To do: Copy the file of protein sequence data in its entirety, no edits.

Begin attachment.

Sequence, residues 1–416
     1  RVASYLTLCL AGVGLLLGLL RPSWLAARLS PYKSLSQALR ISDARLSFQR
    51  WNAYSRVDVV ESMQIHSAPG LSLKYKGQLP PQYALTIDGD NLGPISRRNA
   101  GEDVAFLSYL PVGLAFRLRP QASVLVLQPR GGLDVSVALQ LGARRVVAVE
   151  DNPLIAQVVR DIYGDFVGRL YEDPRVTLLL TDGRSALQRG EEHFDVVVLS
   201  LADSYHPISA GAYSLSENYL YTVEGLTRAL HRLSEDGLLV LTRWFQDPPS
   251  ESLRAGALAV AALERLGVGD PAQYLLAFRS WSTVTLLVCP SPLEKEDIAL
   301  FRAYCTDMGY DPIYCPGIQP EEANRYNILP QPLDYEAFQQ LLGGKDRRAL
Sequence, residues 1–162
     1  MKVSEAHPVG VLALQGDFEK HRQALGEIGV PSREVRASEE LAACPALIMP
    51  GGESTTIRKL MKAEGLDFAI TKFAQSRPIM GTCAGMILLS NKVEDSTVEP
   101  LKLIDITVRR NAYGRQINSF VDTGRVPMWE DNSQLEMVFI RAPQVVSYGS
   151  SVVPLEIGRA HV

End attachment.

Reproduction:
Sequence, residues 1–416
     1  RVASYLTLCL AGVGLLLGLL RPSWLAARLS PYKSLSQALR ISDARLSFQR
    51  WNAYSRVDVV ESMQIHSAPG LSLKYKGQLP PQYALTIDGD NLGPISRRNA
   101  GEDVAFLSYL PVGLAFRLRP QASVLVLQPR GGLDVSVALQ LGARRVVAVE
   151  DNPLIAQVVR DIYGDFVGRL YEDPRVTLLL TDGRSALQRG EEHFDVVVLS
   201  LADSYHPISA GAYSLSENYL YTVEGLTRAL HRLSEDGLLV LTRWFQDPPS
   251  ESLRAGALAV AALERLGVGD PAQYLLAFRS WSTVTLLVCP SPLEKEDIAL
   301  FRAYCTDMGY DPIYCPGIQP EEANRYNILP QPLDYEAFQQ LLGGKDRRAL
Sequence, residues 1–162
     1  MKVSEAHPVG VLALQGDFEK HRQALGEIGV PSREVRASEE LAACPALIMP
    51  GGESTTIRKL MKAEGLDFAI TKFAQSRPIM GTCAGMILLS NKVEDSTVEP
   101  LKLIDITVRR NAYGRQINSF VDTGRVPMWE DNSQLEMVFI RAPQVVSYGS
   151  SVVPLEIGRA HV